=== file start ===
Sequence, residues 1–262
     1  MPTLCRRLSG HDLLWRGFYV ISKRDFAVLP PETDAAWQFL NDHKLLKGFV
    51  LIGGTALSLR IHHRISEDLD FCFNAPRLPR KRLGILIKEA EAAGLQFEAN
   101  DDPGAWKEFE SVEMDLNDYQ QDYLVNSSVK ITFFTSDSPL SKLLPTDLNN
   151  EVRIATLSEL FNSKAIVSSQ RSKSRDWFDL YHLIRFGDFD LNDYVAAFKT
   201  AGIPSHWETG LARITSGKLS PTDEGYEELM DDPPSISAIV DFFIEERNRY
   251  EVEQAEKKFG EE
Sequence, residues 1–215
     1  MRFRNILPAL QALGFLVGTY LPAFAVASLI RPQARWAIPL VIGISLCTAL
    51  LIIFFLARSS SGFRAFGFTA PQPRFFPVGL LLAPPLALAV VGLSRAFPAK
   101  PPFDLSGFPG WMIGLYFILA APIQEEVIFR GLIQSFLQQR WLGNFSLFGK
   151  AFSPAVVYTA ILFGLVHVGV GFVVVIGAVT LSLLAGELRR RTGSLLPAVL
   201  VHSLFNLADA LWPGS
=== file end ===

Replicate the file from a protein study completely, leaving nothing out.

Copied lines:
Sequence, residues 1–262
     1  MPTLCRRLSG HDLLWRGFYV ISKRDFAVLP PETDAAWQFL NDHKLLKGFV
    51  LIGGTALSLR IHHRISEDLD FCFNAPRLPR KRLGILIKEA EAAGLQFEAN
   101  DDPGAWKEFE SVEMDLNDYQ QDYLVNSSVK ITFFTSDSPL SKLLPTDLNN
   151  EVRIATLSEL FNSKAIVSSQ RSKSRDWFDL YHLIRFGDFD LNDYVAAFKT
   201  AGIPSHWETG LARITSGKLS PTDEGYEELM DDPPSISAIV DFFIEERNRY
   251  EVEQAEKKFG EE
Sequence, residues 1–215
     1  MRFRNILPAL QALGFLVGTY LPAFAVASLI RPQARWAIPL VIGISLCTAL
    51  LIIFFLARSS SGFRAFGFTA PQPRFFPVGL LLAPPLALAV VGLSRAFPAK
   101  PPFDLSGFPG WMIGLYFILA APIQEEVIFR GLIQSFLQQR WLGNFSLFGK
   151  AFSPAVVYTA ILFGLVHVGV GFVVVIGAVT LSLLAGELRR RTGSLLPAVL
   201  VHSLFNLADA LWPGS